## Rust Monte Carlo Pi 3

It’s time to wrap up the series on calculating pi using a Monte Carlo simulation in Rust. Here’s what I think we’ve learned so far:

1. The intuition of the problem, namely choosing random points in a unit square and counting the ones that are also in the unit circle can yield pi, is really cool, but it’s a very inefficient way to calculate the value of pi.
2. The problem seems parallelizable, namely that whether each point is in the circle is an independent question, so we can decide separately for each of the points and make things faster.
3. Parallelizing it doesn’t provide enough speedup to make it worth while.

I’m making performance claims without benchmarks! Numbers or it didn’t happen!

So here are our 3 implementations of calculating pi in Rust: single-threaded Monte Carlo, multi-threaded Monte Carlo, and summing a convergin series:

``````pub fn find_pi(iterations: u64) -> f64 {
let b_count = (0..iterations)
.map(|_| random_point())
.filter(|point| !is_in_circle(&point))
.count() as f64;

let b = (b_count as f64) / iterations as f64;

4.0 - (4.0 * b)
}
``````

``````pub fn find_pi_par_iter(iterations: u64) -> f64 {
let b_count = (0..iterations)
.into_par_iter() // let Rayon crate handle parallelism
.map(|_| random_point())
.filter(|point| !is_in_circle(&point))
.count() as f64;

let b = (b_count as f64) / iterations as f64;

4.0 - (4.0 * b)
}
``````

## Sum of infinite series

``````pub fn find_pi_analytically(iterations: u64) -> f64 {
// π=(4/1)-(4/3)+(4/5)-(4/7)+(4/9)-(4/11)+(4/13)-(4/15)...
let mut pi: f64 = 4.0;
let four: f64 = 4.0;
let mut minus = true;
let max = iterations * 2;
for i in (3..max).step_by(2) {
if minus {
pi = pi - (four / (i as f64));
} else {
pi = pi + (four / (i as f64));
}
minus = !minus;
}
pi
}
``````

## The benchmarks

These are produced by `criterion.rs` with the following source code:

``````pub fn criterion_benchmark(c: &mut Criterion) {
c.bench_function("find_pi single threaded Monte Carlo 5k", |b| {
b.iter(|| find_pi(black_box(5000)))
});
c.bench_function("find_pi multi threaded Monte Carlo 5k", |b| {
b.iter(|| find_pi_par_iter(5000))
});
c.bench_function("find_pi sum of series 5k", |b| {
b.iter(|| find_pi_analytically(5000))
});
}
``````
``````find_pi single threaded Monte Carlo 5k
time:   [114.55 µs 115.95 µs 117.63 µs]
Found 6 outliers among 100 measurements (6.00%)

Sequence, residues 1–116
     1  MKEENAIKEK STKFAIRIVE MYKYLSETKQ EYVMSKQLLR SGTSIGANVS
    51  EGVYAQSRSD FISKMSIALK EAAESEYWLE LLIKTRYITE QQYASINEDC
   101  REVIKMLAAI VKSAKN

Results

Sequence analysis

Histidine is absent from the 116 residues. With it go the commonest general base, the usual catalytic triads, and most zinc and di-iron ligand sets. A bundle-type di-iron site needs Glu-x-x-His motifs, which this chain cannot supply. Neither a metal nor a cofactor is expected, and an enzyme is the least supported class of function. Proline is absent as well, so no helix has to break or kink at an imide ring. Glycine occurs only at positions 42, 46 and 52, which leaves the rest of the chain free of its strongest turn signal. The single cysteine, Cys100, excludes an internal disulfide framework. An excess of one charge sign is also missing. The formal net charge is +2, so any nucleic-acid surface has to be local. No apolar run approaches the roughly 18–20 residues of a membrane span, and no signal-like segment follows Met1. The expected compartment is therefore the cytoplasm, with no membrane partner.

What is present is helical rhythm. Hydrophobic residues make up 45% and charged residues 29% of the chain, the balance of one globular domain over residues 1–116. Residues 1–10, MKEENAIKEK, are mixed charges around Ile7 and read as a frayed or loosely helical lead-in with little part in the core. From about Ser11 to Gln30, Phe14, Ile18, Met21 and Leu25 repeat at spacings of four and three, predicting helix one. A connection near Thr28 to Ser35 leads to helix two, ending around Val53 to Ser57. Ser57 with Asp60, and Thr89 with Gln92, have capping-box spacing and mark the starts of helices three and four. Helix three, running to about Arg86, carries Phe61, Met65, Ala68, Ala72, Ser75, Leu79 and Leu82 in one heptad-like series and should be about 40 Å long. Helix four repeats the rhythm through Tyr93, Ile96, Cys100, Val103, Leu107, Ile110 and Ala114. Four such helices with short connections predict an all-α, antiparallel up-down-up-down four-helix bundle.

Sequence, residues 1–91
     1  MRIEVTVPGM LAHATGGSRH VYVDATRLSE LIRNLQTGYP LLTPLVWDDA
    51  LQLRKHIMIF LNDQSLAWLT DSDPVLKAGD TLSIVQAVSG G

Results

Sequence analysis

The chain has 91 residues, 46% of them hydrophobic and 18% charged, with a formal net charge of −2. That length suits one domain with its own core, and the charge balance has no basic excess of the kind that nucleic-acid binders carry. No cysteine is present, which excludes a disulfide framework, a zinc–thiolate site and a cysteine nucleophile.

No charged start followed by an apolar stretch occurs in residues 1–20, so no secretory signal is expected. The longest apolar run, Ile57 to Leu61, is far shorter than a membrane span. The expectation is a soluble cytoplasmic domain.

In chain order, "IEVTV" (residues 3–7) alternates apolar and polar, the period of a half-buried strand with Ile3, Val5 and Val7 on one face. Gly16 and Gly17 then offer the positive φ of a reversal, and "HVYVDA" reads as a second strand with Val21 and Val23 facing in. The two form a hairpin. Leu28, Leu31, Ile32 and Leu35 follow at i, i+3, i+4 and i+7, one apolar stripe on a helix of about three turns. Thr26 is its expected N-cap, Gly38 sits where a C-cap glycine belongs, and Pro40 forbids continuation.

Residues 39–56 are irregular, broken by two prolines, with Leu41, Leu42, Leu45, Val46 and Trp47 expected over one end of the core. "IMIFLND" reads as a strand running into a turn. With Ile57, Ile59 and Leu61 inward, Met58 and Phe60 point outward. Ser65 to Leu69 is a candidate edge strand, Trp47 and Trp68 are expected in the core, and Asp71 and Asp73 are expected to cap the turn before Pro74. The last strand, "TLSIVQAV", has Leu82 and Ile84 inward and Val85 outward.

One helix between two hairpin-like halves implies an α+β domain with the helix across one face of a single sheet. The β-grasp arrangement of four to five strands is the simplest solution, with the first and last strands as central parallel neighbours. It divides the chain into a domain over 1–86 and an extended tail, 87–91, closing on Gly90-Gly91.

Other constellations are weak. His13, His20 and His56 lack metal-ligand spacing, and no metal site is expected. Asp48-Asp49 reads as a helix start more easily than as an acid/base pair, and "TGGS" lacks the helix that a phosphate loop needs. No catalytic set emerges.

3 (3.00%) high mild
3 (3.00%) high severe

find_pi multi threaded Monte Carlo 5k
time:   [95.813 µs 133.03 µs 192.49 µs]
Found 19 outliers among 100 measurements (19.00%)
19 (19.00%) high severe

find_pi sum of series 5k
time:   [8.6428 µs 8.7483 µs 8.8570 µs]
Found 7 outliers among 100 measurements (7.00%)
1 (1.00%) low mild
4 (4.00%) high mild
2 (2.00%) high severe
``````

There’s one surprise here, namely that the multi-threaded iteration is slower. Let’s bump things to more iterations and see if we get a speedup, since it could be there’s a minimum number of iterations before the gains from multi-threading exceed its overhead.

This benchmark is produced by the same code as above, but running for 50K iterations instead of 5K:

``````find_pi single threaded Monte Carlo 50k
time:   [1.1389 ms 1.1493 ms 1.1617 ms]
Found 3 outliers among 100 measurements (3.00%)
2 (2.00%) high mild
1 (1.00%) high severe

find_pi multi threaded Monte Carlo 50k
time:   [502.39 µs 658.09 µs 880.81 µs]
Found 13 outliers among 100 measurements (13.00%)
7 (7.00%) high mild
6 (6.00%) high severe

find_pi sum of series 50k
time:   [87.382 µs 88.691 µs 90.145 µs]
Found 2 outliers among 100 measurements (2.00%)
1 (1.00%) high mild
1 (1.00%) high severe
``````

These are more like the numbers I expected: The sum of series method takes ~10x longer, because there are ten times as many numbers to add up. The parellel Monte Carlo method is faster than the single-threaded version, but not so much so that it makes up for choosing the wrong algorithm.

## The conclusions

1. Rust is fun
2. Math is fun
3. Parallelism in the wrong algorithm is a lot worse than the right algorithm.

Till next week, happy learning!
– Will